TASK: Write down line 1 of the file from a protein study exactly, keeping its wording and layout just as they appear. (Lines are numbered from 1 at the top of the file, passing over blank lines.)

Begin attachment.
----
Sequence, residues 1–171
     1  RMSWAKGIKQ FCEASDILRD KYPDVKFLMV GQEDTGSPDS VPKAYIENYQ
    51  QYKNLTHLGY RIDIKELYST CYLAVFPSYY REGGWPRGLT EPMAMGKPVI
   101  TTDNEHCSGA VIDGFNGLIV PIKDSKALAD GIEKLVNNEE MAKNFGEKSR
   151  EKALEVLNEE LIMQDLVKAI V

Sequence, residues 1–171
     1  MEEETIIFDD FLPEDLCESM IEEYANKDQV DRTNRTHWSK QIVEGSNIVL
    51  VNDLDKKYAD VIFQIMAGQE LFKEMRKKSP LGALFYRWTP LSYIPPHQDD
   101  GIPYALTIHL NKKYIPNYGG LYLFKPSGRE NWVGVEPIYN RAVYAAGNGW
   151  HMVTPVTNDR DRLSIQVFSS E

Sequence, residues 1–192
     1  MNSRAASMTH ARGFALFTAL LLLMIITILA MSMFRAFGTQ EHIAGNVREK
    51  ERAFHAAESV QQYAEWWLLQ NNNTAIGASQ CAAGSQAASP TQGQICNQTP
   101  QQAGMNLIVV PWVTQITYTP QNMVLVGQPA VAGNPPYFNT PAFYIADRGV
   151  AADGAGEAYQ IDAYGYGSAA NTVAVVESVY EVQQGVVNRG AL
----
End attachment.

Sequence, residues 1–171